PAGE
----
Second winter storm advances into S. Louisiana

The winter storm to hit the Baton Rouge area Tuesday and Wednesday is going to be much worse than what the area experienced last week because there is expected to be more ice and snow accumulation, forcing the closure of many schools and offices.

It’s starting to sound like a broken record, but Baton Rouge residents can expect to see freezing rain, snow and sleet yet again as a new system moves through and starts to impact the area starting early Tuesday morning.

“The biggest difference is the amount of moisture that is going to be associated with this,” said Freddie Zeigler, meteorologist with the National Weather Service Slidell office.

Although Baton Rouge saw about a tenth of an inch accumulation of ice with last week’s storm, this one could bring a quarter-inch of ice accumulation.

During a news conference in Baton Rouge on Monday, Gov. Bobby Jindal asked Louisiana residents Monday to stay off the roads during the expected winter blast.

“If you do not need to be on the road ... we strongly encourage you to stay off the roads,” he said.

Jindal warned drivers to expect road and bridge closures, including the twin span between New Orleans and Slidell. The governor said the focus will be on keeping the Sunshine Bridge, the old Mississippi River bridge in Baton Rouge, the Luling Bridge, the Huey P. Long Bridge in New Orleans and the Crescent City Connection open.

The Plaquemine ferry will remain open around the clock to help travelers cross the Mississippi River. Ferry fees will be waived during the icy road conditions.

Jindal said Louisiana State Police responded to 744 traffic incidents during the bad weather last Friday.

“Hope for the best and prepare for the worst,” he said.

State government offices will be closed in the 45 parishes where the school districts are also closed, he said. State government employees can call (800) 360-9660 or (225) 342-0498 for updated information about office closures.

A winter storm warning is in effect from 6 a.m. Tuesday to 6 a.m. Wednesday with an expectation of ice and snow accumulations across much of south Louisiana. This wintry mix of ice, snow or freezing rain is expected to begin falling as early as dawn Tuesday morning with the heaviest precipitation expected from midday Tuesday into Tuesday night.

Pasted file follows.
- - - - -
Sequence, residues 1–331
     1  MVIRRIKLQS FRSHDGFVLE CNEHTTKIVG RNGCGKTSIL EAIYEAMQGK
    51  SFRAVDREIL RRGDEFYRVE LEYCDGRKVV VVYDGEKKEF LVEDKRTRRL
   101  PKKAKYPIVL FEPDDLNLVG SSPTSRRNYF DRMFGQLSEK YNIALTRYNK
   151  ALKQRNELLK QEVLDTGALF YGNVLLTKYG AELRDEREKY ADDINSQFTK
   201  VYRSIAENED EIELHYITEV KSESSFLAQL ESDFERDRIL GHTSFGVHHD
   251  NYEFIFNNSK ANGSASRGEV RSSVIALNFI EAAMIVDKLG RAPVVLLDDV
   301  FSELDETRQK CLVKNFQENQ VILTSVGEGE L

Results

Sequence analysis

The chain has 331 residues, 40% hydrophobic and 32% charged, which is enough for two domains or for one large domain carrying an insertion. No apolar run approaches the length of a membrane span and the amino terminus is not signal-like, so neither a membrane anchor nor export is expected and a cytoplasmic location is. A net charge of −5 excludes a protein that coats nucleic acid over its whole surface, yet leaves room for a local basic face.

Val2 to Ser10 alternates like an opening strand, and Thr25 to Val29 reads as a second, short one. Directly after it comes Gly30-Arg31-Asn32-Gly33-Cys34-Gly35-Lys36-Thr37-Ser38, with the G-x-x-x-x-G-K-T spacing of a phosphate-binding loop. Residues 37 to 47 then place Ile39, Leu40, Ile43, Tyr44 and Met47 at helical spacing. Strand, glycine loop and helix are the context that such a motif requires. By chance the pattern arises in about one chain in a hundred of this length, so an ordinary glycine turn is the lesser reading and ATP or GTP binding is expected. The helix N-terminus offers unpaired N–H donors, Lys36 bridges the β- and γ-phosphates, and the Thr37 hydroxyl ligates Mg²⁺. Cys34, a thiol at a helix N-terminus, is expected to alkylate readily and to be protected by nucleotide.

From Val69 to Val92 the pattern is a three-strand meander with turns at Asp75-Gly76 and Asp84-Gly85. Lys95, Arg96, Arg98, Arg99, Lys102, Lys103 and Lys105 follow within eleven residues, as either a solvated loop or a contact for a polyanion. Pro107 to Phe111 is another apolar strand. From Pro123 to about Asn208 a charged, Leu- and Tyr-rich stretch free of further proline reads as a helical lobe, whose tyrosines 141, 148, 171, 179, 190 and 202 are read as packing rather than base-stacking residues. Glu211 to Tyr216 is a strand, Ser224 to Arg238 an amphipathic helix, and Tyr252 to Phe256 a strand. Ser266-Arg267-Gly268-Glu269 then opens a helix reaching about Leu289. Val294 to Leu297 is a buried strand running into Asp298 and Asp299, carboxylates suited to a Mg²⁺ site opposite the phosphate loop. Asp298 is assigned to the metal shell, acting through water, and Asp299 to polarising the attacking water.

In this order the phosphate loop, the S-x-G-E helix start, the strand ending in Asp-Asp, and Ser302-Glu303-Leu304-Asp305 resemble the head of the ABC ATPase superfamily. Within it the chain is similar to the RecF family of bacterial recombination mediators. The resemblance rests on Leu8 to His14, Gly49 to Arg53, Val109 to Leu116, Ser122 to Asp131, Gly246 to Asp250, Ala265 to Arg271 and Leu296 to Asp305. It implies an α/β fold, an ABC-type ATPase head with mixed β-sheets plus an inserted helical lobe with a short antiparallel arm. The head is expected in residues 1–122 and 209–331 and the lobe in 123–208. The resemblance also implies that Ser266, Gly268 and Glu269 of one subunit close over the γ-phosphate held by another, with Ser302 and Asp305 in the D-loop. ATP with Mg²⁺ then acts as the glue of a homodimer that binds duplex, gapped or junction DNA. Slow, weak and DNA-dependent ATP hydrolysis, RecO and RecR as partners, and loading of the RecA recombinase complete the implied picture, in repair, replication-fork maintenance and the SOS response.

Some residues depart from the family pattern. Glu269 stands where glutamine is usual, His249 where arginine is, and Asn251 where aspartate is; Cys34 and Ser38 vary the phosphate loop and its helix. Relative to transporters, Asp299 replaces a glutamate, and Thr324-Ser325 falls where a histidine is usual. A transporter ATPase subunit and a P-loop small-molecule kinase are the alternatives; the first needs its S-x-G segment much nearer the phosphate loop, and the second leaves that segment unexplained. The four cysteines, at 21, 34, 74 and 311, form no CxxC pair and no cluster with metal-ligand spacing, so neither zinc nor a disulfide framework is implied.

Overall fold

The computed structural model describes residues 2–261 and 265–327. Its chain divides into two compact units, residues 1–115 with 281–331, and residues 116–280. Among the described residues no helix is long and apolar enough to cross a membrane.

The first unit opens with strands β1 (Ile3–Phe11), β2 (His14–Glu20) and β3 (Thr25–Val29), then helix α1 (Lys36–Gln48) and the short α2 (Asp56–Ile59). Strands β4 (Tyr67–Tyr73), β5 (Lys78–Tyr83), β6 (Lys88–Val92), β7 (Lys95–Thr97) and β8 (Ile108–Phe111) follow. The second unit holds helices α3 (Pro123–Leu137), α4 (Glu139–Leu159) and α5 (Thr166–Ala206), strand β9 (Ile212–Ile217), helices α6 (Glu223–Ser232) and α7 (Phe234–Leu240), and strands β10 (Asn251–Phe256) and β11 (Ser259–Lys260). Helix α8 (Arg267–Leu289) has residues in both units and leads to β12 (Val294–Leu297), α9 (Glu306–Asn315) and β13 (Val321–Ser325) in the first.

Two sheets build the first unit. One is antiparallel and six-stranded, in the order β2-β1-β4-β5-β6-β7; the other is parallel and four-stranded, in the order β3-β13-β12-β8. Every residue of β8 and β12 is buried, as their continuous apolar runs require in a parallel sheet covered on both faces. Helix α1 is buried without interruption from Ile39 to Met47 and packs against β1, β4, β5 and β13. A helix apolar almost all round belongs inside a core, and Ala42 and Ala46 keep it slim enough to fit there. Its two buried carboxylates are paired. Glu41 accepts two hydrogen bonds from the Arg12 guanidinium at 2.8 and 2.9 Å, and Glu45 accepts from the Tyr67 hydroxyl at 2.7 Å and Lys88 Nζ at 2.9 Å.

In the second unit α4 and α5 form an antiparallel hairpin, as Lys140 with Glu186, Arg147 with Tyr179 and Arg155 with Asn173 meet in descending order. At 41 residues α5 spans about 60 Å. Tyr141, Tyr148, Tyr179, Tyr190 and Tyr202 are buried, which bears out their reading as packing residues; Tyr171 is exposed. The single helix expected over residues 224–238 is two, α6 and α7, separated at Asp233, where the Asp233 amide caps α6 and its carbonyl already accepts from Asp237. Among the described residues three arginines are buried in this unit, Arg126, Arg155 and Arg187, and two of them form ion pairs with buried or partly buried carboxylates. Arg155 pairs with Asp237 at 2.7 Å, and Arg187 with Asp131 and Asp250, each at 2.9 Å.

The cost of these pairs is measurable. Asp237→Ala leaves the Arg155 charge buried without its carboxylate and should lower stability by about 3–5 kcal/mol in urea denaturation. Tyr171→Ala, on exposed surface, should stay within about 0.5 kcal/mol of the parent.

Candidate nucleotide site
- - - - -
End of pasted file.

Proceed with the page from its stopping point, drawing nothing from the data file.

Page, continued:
“Freezing rain is the biggest issue,” Zeigler said. “Anytime we get over a quarter inch, that’s going to cause problems.”

During the last storm, the icy conditions were credited with causing numerous wrecks as well as forcing the closure of many elevated roads and bridges.

There’s a concern not only that road conditions will deteriorate, but the freezing rain could lead to problems with downed tree limbs and power outages as well, according to the National Weather Service.

“The impact of ice storms is very difficult to predict, but forecasts indicate the approaching weather system could be one of the most challenging the region has seen in years,” Dennis Dawsey, vice president of customer service for Entergy’s Louisiana utilities, said in a press release. “Power outage restoration may extend into 3 to 5 days for some customers, depending on the severity of the damage. Ice storms can pose a significant threat to an electric system, and extreme cold weather can present additional challenges and require a different — and often slower — restoration process.”

Entergy is bringing together more than 2,100 restoration workers in anticipation of possible ice-related outages.

Driving conditions will become hazardous beginning at daybreak Tuesday and could continue that way until sometime Wednesday because temperatures aren’t expected to get above freezing during that time.

This wintry mix will start as freezing rain and then turn to sleet and snow in areas north of the Interstate 10 corridor. A quarter inch of ice is expected in all areas with almost a half-inch in areas south of Lake Pontchartrain including the New Orleans area.

In addition, there could be 1 to 3 inches of snow in areas of southwest Mississippi and nearby Louisiana parishes, but Baton Rouge will likely get up to an inch of snow coupled with cold temperatures.

Starting Monday afternoon, the Baton Rouge Metropolitan airport experienced a number of flight cancellations, mostly for arriving flights in the evening because of weather conditions. Anyone planning to travel on Tuesday should call the airline to check their flight status.

The airport expects that there will be a number of cancellations Tuesday as icy weather descends on the area, according to Jim Caldwell, airport spokesman.

Schools in the area were closed Tuesday with some extending that to Wednesday as well. Garbage, trash and recycling pickup will not occur Tuesday and Wednesday because of conditions expected within the city-parish, according to an announcement from the mayor’s office. The North Landfill will be closed to commercial haulers and the general public Tuesday and Wednesday.

The temperatures will fall to 28 degrees by Tuesday morning and only get up to a high of 32 degrees during the day. Tuesday night will be even colder with an overnight low of 18 degrees expected as people wake up Wednesday morning. Wind chill on Tuesday could be as low as 9 degrees.

The bad news doesn’t stop there. On Wednesday, there continues to be a chance of snow and sleet before 11 a.m. and then a slight chance of snow between 11 a.m. and noon. Temperatures are expected to rise to about 40 degrees, but will plummet again Wednesday night to 23 degrees.

More information about preparing for weather-related problems is available through the Mayor’s Office of Homleand Security and Emergency Preparedness website at or through